“…what makes a work of fiction safe from larvae and rust is not its social importance but its art, only its art”. – Vladimir Nabokov, 1964
Written by Vladimir Nabokov, Pale Fire centers around an eponymous fictional 999-line poem and contains a fictional foreword, commentary and index. The commentator is the character Charles Kinbote, who introduces himself as a friend and neighbor of the poet, John Shade. Kinbote explains that Shade had been murdered on the day that the poem was finished, and that he had been entrusted to publish the poem with his own literary commentary. He claims to be from a country named Zembla – a “distant Northern land.”
The poem itself is written in iambic pentameter and rhyming couplets, divided into four cantos, or sections. It concerns the poet’s life, the death of his daughter and musings on death and the creative process.
Then comes the commentary, where all hell breaks loose. First of all, the commentary dwarfs the actual poem by 147 pages, taking up the bulk of the book. Our commentator, Kinbote, starts off by analysing the first lines, the famous “I was the shadow of the waxwing slain/By the false azure of the windowpane.” The reader initially gets some good insights to the poet’s life and analysis of the poem itself. Then, like an ominous ghost, a story about Kinbote’s own country, Zembla, starts to pop up everywhere and swell like cancer, until the reader realizes that Kinbote has sabotaged the study of the poem and turned the book into his own deranged narrative.
Three stories intertwine throughout the novel: the plot of the poem itself, Kinbote’s own story about his relationship with the poet and Kinbote’s tale of his country, Zembla. Being the brilliant mind that he is, Nabokov weaves these narratives together expertly. Not only this, but he plants numerous references to literature and culture throughout the book like hidden jewels. The Wikipedia page lists them all, and one glance at it convinces you that you’d have to have a Ph.D. in literature, botany and lepidopterology, to find and understand them all.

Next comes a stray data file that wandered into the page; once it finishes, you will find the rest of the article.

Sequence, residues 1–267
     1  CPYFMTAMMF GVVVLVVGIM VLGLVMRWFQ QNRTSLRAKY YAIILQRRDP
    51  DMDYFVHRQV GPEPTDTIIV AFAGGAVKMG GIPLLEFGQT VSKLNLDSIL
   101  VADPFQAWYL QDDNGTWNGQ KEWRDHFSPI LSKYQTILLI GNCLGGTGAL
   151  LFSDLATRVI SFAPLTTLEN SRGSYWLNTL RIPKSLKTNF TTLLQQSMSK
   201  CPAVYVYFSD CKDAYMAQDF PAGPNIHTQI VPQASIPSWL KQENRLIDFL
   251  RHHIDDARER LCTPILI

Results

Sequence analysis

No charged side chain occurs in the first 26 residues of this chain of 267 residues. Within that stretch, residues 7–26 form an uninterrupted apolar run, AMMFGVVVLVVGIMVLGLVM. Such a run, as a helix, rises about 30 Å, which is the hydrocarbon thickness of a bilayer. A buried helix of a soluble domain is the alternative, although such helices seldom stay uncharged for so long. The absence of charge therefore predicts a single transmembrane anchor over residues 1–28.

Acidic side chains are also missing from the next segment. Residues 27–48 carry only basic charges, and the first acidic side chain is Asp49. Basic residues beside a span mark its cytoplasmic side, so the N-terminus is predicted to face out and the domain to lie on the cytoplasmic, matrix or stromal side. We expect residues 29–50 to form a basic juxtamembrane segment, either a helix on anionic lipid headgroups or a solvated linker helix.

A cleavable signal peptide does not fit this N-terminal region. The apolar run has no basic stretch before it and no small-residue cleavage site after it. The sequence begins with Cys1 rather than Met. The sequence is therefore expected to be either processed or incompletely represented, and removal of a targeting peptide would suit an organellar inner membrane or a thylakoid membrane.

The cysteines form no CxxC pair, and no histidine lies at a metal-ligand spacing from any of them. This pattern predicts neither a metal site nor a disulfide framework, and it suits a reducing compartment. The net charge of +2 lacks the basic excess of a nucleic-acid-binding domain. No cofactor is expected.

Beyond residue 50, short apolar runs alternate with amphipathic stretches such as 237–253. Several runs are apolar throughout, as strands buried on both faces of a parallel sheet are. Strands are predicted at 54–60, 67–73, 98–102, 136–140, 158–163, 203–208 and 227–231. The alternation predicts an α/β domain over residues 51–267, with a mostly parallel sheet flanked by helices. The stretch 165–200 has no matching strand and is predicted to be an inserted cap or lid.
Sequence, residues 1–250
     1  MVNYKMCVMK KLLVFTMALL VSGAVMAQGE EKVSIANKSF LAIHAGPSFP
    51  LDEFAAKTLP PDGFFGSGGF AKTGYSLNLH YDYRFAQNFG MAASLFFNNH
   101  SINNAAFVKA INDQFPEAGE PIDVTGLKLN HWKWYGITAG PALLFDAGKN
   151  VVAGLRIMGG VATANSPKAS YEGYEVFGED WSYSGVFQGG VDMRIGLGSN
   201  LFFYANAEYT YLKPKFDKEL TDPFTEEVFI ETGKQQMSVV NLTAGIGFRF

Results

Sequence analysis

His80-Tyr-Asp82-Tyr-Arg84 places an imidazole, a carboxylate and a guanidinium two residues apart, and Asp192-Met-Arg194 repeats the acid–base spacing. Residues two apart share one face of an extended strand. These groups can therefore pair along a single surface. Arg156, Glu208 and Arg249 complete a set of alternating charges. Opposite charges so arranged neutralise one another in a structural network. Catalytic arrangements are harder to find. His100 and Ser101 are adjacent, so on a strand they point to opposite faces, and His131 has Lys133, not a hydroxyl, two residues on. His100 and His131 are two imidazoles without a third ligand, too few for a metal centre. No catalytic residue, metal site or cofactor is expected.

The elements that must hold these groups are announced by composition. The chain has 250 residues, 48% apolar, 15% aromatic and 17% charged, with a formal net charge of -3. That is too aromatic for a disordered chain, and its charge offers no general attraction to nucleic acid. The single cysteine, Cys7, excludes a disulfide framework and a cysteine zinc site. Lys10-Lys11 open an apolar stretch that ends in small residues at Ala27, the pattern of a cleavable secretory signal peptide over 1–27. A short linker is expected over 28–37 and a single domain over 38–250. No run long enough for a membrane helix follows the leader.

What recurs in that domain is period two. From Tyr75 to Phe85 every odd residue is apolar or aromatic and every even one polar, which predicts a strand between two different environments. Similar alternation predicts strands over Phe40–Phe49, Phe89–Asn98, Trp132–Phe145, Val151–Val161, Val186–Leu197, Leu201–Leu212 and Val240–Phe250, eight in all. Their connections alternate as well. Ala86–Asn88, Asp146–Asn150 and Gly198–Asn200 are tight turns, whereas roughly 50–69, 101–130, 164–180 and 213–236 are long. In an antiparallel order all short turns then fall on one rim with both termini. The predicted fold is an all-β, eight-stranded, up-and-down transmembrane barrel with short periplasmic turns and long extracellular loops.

For example: Canto Three starts with these lines:
“L’if, lifeless tree! Your great Maybe, Rabelais:/The grand potato”.
What does this mean? What’s “l’if”? What’s the grand potato? You Google “Rabelais”, but can’t find out what a potato has to do with him. When you finally arrive at the commentary for these lines, a hundred pages later, you find out that “l’if” means “tree” in French, hence “lifeless tree” (pun on “life”). Then there’s also this:
“I remember form my school-rrom days Rabelais’ soi-disant ‘last words’…Je m’en vais chercher le grand peut-étre.”
Google translate time. That French phrase means “I’m gonna get the great maybe (death).” If you click the button that pronounces the sentence you’ll notice that “peut-être” sounds vaguely like “potato”. Hence the grand potato.
“How the heck is that funny?” you may exclaim. “Why do I have to do all this work to decipher this crap?” Taken out of context, that whole thing did seem like a bored old professor’s trick. But one of the book’s prominent themes is death, and if you had been riding along with the narrative, you’ll realize that this was a brilliant, ironic ridicule of Death and the afterlife. And yes, the whole book is scattered with stuff like this. Some are more blatant than others. If you know both baseball and Keats well, you’ll have no problem with chuckling at: “A curio: Red Sox Beat Yanks 5-4/On Chapman’s Homer, thumbtacked to the door”.
Keep in mind that this was written in 1962, when people had to go to libraries to find stuff out. But the Internet won’t help if we can’t even recognize some of the more subliminal references. So why even bother reading it? Because it flows with beauty and pleasure. Its language is crafted with virtuosity. Its images are dazzling. Its lyricism is breathtaking. Its intellectuality is challenging and stimulating. It’s a great, enrapturing story. It’s perfect in form and structure. It will surely keep me coming back year after year to see how many more “jewels” I’ll be able to find.
I have only scratched the surface of the book. My goal was to get you to experience this pinnacle of literature for yourself, and I hope I kinda accomplished that. Nabokov wrote novels unlike anything people ever read, and Pale Fire is the grand testimony to that.